There are a lot of plus to submit patches to OS product you work with. Annoying bugs get fixed very quickly, the product evolves more quickly in a adaptive manner and the product's market share increases (something very important when dealing with technologies). I have paid a lot of money to have this kind of commercial product in the past but now I can honestly say OS products do it better and usually for free.

    So to summarize, this is a win-win situation. If you worked for free then it was your decision not JBOSS's decision.
  88. Is it a good news to learn that Mr Fleury earned millions of dollars with the work of the JBoss Open Source Community?

    Is Open Source the 21th century slavery?Developpers, continue to contribute to the Open Source Community! You will work hard, never make a penny, and help some nice guys like Marc to earn millions!

    JBoss gives the software away for free and offers an infrastructure to allow for open development. So the work that you and I would do is in fact freely available. JBoss makes their money off of providing value adds, again, not the software itself, but value adds-- the things we are not providing around training, documentation, and support.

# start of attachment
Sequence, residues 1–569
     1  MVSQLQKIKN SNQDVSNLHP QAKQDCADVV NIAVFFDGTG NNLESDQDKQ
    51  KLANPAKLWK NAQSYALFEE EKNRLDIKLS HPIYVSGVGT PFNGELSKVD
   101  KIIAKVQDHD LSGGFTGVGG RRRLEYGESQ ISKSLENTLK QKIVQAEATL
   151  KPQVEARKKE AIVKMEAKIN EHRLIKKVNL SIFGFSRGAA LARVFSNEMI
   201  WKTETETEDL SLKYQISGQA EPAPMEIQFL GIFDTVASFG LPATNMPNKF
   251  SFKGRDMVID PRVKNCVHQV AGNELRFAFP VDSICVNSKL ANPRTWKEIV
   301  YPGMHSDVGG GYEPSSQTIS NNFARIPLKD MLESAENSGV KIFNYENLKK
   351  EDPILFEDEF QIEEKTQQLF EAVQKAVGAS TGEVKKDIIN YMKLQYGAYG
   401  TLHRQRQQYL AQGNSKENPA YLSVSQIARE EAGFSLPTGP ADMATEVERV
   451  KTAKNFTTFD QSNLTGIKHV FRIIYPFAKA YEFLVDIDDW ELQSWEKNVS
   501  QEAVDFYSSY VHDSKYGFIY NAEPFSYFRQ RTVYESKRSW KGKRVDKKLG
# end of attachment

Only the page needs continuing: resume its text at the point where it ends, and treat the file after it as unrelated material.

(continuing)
89. Where's the value[ Go to top ]

    Redhat paid lot's of bucks for JBoss. I see were the value could have been for Oracle, but Oracle seemingly did'nt want to pay as much. But what's the value proposition of JBoss to a OS "Vendor"? Pay that much for a "ageing" EJB Container? What more? JBoss Portal, jBPM, Hibernate, Cache, Transaction, Groups, Rules? I don't get it. As a Enterprice User i certainly don't want to be hooked in with Linux to a "monolithic" Middleware Suite. I want choice. Also within the J2EE Stack. Choice was what attracted me to Linux in the first place.